On 1 March, the California Department of Fish & Game (CDFG) released data on the 2010 salmon spawning escapement for the Central Valley (Sacramento, San Joaquin River, and tributaries) and Klamath Basin, along with its projections for adult salmon ocean abundance for 2011.
The numbers presented at the Santa Rosa meeting were up substantially from the past three years, indicating the likelihood for a substantial increase in fishing opportunity in 2011.
This is good news not only for California’s commercial trollers, recreational anglers and, in the case of the Klamath, native Indian fishermen, but also for Oregon and Washington’s ocean salmon fishery, where Klamath and Central Valley chinook contribute substantially to those states’ ocean catch.
CDFG is currently projecting a 729,000 adult fall-run for Central Valley chinook for 2011, up significantly from the 245,000 fish projection of 2010, when only a token salmon fishery was allowed. The two years before that, the ocean had been closed to California’s (and most of Oregon’s) salmon fishermen due to the collapse of Central Valley stocks.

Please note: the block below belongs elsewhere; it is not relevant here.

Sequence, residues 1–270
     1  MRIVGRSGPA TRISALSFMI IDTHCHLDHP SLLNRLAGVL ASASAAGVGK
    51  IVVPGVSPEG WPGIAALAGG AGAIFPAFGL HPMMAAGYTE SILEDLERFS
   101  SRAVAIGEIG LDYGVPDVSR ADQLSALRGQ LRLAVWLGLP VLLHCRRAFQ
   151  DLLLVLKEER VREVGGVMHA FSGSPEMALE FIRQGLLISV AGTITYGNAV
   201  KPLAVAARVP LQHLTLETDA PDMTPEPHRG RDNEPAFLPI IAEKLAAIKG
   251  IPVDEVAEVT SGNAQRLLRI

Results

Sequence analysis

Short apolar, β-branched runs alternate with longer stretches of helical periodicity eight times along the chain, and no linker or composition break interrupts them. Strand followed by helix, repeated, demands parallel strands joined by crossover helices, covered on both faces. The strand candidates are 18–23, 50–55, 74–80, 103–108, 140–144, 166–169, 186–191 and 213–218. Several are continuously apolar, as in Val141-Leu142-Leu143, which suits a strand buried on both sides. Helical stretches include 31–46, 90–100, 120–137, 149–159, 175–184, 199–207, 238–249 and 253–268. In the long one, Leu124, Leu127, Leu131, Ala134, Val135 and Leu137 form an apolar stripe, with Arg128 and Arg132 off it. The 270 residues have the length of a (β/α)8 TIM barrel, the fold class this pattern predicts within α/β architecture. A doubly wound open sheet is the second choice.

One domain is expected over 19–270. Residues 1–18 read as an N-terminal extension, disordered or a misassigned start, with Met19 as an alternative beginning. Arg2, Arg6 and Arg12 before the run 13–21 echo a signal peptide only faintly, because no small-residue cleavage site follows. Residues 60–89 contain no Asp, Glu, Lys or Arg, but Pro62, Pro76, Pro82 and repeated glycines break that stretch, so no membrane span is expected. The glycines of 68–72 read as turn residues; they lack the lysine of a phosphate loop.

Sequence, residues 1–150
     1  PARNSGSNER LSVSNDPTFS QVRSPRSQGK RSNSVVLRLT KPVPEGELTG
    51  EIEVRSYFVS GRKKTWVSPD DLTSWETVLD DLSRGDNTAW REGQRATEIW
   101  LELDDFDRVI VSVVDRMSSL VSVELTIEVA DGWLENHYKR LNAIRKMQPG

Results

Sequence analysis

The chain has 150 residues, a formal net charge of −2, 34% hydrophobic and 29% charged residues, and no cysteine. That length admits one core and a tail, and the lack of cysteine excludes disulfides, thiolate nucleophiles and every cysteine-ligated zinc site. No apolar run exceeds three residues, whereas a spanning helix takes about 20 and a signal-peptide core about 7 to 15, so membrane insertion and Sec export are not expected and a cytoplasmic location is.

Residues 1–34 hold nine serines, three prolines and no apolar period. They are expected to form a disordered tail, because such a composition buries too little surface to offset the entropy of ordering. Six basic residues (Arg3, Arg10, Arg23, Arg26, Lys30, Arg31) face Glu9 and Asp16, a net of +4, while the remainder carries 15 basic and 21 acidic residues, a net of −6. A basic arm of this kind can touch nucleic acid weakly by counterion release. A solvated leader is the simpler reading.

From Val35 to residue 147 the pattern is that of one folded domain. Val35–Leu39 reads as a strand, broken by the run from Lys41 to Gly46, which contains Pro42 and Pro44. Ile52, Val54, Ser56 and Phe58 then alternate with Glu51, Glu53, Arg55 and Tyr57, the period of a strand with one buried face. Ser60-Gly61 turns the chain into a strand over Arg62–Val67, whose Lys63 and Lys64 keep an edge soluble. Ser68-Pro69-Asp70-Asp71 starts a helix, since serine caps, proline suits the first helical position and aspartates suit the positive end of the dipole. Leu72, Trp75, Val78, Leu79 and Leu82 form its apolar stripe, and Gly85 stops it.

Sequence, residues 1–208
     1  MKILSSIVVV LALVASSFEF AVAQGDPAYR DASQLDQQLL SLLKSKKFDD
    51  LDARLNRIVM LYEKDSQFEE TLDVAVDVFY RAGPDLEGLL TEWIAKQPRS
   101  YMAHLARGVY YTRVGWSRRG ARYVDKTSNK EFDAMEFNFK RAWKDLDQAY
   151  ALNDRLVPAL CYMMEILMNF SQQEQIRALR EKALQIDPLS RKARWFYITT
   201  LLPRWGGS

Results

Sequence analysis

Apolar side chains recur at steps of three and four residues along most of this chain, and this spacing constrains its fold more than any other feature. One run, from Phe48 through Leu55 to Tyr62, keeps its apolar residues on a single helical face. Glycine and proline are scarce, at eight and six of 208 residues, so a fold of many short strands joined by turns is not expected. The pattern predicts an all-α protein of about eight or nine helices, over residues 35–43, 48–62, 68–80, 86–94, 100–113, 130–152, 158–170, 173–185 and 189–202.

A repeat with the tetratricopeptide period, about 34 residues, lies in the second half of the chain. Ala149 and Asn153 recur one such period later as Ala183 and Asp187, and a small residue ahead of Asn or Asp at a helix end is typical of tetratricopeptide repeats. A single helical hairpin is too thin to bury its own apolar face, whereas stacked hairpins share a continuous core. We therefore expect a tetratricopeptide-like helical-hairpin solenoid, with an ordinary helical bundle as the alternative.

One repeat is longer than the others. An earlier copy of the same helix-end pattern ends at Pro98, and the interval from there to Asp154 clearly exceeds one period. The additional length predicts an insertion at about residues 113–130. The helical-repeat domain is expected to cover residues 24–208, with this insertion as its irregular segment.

The 2011 returning class of salmon will be the first year-class to have benefited from the salmon protections enacted in the Bay-Delta Estuary aimed at reducing mortality on baby Central Valley salmon migrating downstream through the Sacramento-San Joaquin Delta, San Francisco Bay and out the Golden Gate to the Pacific.
Those protections came about following a lawsuit brought by PCFFA and other fishing and conservation groups (PCFFA, et al. v. Gutierrez) that resulted in a Biological Opinion (Bi-Op) and development of a recovery plan for the Endangered Species Act (ESA) -listed salmon runs including the Sacramento winter and spring-run chinook.
Fall-run chinook runs that support the salmon fishery benefited as well from these ESA-ordered protections; fall-run numbers had been decimated from over-pumping by the State (SWP) and Federal (CVP) projects in the Delta, diverting freshwater flow to the westside San Joaquin Valley and Southern California.
Klamath River salmon returns are also projected to be up, for an estimated abundance of 370,000 adult fish, up from 331,500 in 2010.
The Pacific Fishery Management Council is in the process of developing management options for the 2011 salmon season.
For more information, see www.pcouncil.org/council-operations/council-meetings/future-meetings/#2011
source: Fishlink Sublegals